The exterior layer of the jacket offers robust abrasion protection with CE-certified armor in critical areas, such as the elbows and shoulders. Notably, the back protector is an additional purchase, which might be a consideration for some riders. The jacket's construction features Tenax Nylon 6.6 of varying densities to offer the right balance between protection and flexibility across different sections of the garment.

Layered functionality is a core strength of the 4Season H2Out Jacket. It includes a waterproof layer that is completely removable, allowing riders to adjust to changing weather conditions seamlessly. The jacket's venting system is designed to operate effectively without the need for the vents to be waterproof, addressing common issues found in other touring suits regarding leaks or inadequate venting.

Despite its high adaptability, the jacket does present a couple of drawbacks, including the need to remove it to don the waterproof layer and the non-waterproof nature of the exterior pockets. However, the jacket's overall design, which includes multiple adjustment points for fit and an effective venting system, is praised for its ability to keep riders dry and comfortable in varied conditions.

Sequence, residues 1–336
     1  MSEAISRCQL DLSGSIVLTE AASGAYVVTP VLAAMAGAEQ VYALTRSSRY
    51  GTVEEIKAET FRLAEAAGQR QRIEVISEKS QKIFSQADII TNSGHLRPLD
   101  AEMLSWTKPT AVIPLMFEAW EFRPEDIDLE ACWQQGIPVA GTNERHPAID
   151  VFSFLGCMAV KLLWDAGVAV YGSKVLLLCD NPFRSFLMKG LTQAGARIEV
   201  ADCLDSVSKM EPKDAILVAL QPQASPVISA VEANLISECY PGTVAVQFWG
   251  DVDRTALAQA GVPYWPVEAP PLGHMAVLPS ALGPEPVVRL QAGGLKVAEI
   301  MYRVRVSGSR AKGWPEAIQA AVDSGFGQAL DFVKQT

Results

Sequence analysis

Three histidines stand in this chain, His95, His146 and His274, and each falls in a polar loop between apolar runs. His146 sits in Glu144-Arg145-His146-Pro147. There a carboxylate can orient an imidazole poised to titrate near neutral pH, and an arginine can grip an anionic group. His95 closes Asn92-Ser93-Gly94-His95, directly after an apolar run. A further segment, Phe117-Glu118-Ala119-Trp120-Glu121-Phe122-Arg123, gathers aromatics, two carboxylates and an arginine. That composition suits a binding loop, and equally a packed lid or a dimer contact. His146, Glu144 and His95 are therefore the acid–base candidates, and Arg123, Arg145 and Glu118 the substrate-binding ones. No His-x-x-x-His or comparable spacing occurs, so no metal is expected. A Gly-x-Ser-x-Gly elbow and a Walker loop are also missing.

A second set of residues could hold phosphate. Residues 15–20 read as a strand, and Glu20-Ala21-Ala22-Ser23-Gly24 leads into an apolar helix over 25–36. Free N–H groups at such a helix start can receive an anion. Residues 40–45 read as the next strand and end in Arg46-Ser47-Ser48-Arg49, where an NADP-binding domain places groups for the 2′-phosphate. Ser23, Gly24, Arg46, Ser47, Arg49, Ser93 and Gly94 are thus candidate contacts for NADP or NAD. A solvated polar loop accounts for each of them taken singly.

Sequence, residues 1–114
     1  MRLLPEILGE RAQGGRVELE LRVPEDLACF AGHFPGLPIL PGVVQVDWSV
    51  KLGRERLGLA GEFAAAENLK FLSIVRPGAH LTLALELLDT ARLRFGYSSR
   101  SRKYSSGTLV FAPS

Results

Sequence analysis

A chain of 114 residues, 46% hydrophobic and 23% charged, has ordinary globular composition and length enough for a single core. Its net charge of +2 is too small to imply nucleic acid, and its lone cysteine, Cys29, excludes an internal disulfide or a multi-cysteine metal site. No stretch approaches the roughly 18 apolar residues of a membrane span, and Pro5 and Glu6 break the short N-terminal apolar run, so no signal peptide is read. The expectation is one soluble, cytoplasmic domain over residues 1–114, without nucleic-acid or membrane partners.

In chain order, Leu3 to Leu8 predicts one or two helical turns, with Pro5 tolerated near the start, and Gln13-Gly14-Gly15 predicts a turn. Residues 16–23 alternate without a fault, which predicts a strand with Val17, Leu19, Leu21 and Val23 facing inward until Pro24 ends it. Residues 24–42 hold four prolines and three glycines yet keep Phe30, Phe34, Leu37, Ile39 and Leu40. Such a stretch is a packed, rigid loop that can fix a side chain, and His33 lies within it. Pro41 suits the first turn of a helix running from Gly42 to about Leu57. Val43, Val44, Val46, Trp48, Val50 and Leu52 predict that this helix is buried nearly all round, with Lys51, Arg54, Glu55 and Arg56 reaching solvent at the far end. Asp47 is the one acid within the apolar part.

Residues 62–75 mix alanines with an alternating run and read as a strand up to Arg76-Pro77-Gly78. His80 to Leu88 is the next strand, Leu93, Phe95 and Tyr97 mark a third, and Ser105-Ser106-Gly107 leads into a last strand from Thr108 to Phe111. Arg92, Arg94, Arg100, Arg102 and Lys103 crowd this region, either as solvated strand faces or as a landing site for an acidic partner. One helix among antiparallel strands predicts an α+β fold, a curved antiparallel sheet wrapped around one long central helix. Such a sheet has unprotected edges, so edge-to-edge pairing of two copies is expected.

The jacket's aesthetic appeal is also highlighted, receiving commendations for its looks in addition to its practical features. With its layering system, the 4Season H2Out Jacket enables riders to manage temperature effectively, making it suitable for a wide range of climates, from mid-80s to low 30s Fahrenheit.

3. REV'IT! Sand 4 Jacket